At the root of Buddhist/spiritual political economy is dana – this is generosity and the practice of cultivating generosity. At the core of western political economy lies the idea of the individual and their property rights. Given that many spiritual approaches reject the idea of a reified self, this poses a major challenge to the very idea of private property. The notion of private property is an extension of the conceit of self. It leads to the belief that increasing private acquisition offers a basis for security. But the drive for greater personal acquisition is tragically tied to erosion of the basic economies on which life depends – the ecological and sustenance economies. At the macro-economic level, the institution of private property leads to increased centralisation of economic power and diminishing of community – and damages the prospects for meaningful democracy.

Dana could be the fundamental principle around which economics are organised. As a basic virtue, generosity expresses a fundamental insight: namely that we are not separate entities but inhabit an intimate web of relationships with others and the world: it is orientation towards the other rather than fixation on the self. The extent to which we can let go of ego-centeredness is equal with our ability to open up to reality. Dana is a concrete expression of the dynamic of selftranscendence and it is central to the well-being of a community.
Do Dakinis Wage Class War?

20 April 2012 - "We assume a global deal based on C&C." The Great Transition, Spratt & Nietzert, NEF

We assume that the UK progressively reduces its carbon footprint so that it uses only its fair share of total global carbon emissions under the given, interim target, making sure that other countries, particularly developing countries, have space to develop and make their own transition to a sustainable future. We assume a global ‘deal’ based on ‘contraction and convergence’ to limit, reduce and maintain total global emissions within defined limits (the contraction); we also assume that the UK’s total share of emissions progressively comes into line with its fair global share (the convergence), with significant transfer payments to developing countries during the process to facilitate their sustainable development.
‘The Great Transition’ provides the first comprehensive blueprint for building an economy based on stability, sustainability and equality. By Eva Neitzert and Stephen Spratt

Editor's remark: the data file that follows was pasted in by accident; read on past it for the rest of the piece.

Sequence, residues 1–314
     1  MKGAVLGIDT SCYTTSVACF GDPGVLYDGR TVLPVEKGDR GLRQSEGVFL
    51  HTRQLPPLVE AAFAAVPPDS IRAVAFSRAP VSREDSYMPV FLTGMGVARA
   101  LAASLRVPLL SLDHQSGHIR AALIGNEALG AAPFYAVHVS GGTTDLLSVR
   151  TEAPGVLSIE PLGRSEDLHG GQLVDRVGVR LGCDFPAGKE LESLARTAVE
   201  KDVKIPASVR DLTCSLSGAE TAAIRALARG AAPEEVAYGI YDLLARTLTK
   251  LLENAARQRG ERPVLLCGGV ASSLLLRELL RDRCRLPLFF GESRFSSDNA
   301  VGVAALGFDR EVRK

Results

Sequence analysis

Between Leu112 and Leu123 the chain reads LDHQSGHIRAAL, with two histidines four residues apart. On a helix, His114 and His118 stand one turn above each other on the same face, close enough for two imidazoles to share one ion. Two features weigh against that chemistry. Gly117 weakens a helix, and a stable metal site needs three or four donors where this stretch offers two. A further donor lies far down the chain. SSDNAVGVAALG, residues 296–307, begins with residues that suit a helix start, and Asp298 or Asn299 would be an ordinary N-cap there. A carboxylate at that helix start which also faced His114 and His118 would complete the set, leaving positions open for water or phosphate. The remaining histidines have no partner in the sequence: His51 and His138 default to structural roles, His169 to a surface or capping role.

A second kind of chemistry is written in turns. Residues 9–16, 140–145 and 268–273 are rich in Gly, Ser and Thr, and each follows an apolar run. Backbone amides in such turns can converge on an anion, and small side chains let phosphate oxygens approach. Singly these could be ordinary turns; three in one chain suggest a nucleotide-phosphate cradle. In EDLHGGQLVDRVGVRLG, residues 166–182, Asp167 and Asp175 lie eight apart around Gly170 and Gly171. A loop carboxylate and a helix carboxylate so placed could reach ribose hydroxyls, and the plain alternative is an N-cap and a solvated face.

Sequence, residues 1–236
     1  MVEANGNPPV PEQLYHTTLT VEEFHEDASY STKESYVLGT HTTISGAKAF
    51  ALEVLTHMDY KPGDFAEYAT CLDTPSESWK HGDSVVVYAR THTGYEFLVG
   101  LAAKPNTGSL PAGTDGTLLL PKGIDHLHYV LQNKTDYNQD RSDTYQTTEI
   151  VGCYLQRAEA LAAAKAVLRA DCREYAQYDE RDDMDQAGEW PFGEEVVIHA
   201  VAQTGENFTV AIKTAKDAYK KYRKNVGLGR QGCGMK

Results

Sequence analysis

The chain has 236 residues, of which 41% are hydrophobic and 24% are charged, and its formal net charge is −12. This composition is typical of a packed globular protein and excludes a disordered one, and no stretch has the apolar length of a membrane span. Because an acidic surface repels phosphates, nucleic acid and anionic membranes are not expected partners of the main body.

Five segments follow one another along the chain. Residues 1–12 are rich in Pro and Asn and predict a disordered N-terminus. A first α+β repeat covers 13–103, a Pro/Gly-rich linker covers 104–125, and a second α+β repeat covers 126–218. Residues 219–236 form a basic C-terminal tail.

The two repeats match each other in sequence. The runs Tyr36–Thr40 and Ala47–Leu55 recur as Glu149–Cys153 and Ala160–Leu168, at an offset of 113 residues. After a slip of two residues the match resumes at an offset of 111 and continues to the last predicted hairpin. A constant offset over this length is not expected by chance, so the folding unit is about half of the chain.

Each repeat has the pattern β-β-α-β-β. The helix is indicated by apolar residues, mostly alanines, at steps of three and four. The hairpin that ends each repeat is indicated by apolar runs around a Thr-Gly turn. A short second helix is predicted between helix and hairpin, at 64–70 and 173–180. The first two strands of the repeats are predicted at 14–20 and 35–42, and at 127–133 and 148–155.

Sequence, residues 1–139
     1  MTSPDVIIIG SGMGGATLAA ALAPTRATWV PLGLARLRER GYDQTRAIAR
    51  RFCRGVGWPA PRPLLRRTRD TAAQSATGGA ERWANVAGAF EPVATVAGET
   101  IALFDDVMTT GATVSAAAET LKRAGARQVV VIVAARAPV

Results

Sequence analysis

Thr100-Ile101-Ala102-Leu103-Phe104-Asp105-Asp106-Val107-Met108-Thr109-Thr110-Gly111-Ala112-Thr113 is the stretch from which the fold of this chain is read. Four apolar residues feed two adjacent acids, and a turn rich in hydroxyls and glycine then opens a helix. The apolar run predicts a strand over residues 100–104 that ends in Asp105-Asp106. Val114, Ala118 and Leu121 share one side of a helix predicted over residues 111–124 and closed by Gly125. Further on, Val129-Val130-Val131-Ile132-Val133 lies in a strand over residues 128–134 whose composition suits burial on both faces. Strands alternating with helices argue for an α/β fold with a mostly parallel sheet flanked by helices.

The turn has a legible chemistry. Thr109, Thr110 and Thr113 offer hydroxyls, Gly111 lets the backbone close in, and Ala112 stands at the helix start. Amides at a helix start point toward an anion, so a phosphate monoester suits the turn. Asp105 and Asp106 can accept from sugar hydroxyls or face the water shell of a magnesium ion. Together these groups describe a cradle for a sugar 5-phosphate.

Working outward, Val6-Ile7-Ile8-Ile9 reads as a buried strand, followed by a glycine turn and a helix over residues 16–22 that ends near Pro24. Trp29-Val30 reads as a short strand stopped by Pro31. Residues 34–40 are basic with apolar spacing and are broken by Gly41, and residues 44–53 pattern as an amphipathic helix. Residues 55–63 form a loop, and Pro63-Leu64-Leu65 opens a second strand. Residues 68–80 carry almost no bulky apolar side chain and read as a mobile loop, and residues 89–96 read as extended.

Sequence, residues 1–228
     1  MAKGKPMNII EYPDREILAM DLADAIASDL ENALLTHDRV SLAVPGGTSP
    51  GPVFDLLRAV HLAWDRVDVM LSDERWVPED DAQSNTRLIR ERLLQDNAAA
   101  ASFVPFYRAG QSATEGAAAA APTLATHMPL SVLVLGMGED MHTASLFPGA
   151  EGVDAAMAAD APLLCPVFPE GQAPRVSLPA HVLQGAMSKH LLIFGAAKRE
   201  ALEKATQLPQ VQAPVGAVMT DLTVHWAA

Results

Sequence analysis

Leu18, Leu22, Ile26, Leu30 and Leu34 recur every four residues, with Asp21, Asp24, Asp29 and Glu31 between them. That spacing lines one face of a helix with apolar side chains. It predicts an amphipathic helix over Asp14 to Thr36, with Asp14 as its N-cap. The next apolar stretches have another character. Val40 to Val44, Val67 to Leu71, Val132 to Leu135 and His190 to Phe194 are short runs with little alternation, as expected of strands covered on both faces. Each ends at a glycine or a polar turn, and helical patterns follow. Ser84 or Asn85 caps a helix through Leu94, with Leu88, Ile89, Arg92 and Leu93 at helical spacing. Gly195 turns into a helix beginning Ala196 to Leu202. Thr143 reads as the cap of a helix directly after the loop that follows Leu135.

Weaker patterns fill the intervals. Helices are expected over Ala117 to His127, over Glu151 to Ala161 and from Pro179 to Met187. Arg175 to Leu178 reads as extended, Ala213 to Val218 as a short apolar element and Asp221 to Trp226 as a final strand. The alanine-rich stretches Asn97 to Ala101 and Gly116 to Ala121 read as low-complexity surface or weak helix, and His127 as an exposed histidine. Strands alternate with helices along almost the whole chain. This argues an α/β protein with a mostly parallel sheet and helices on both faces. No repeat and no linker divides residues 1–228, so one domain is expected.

"We assume a global ‘deal’ based on ‘contraction and convergence’ to limit, reduce and maintain total global emissions within defined limits (the contraction); we also assume that the UK’s total share of emissions progressively comes into line with its fair global share (the ‘convergence’), with significant transfer payments to developing countries during the process to facilitate their sustainable development."
The Great Transition New Economics Foundation - 2010
The Great Transition NEF Recommendation: -
"Government must agree a global fair deal on climate change with appropriate contraction and convergence targets to avert dangerous climate change, reflecting the UK’s ‘fair share’ of total sustainable carbon emissions."

19 April 2012 - "C&C prime example of UNFCCC-compliant framework." Prof Martin Rees & several 100 others.

"Contraction and Convergence is a prime example of a UNFCCC-compliant Global Climate Change Framework. It is a rational formulation for reconciliation of 'Climate Justice without Vengeance'. Several ideas derived from C&C have surfaced since Kyoto with ideas that can be perhaps in various ways incorporated into C&C. However, there is an overwhelming need for an over-arching UNFCCC-compliant Framework that enables the globally competing interests of the over-consuming and the under-consuming to be reconciled with each other and with the objective of the UNFCCC in a non-random manner. We feel that C&C is the veteran and indeed the apex example of this and urge you to consider our request. At Kyoto in December 1997 and shortly before they withdrew from these negotiations, the USA stated, “C&C contains elements for the next agreement that we may ultimately all seek to engage in.” The adversarial reasons for their withdrawal then were in play again at COP-15: - http://www.gci.org.uk/public/COP_15_C&C.swf C&C answers this in a unifying and constitutional way and the need for this answer becomes increasingly critical."

Letter and signatories at: - http://www.gci.org.uk/politics.html

Professor Martin Rees
Trinity College Cambridge
Colin Challen
Former Chair UK All Party Parliamentary Group on Climate Change
Professor Sir Tom Blundell FRS, FMedSci,
Department of Biochemistry, University of Cambridge,
Former Chairman of the Royal Commission on Environmental Pollution
Professor Peter Guthrie OBE
Professor in Engineering for Sustainable Development in the UK
Fellow of St Edmund’s College Cambridge
Sir John Houghton
President, John Ray Initiative
Michael Hutchinson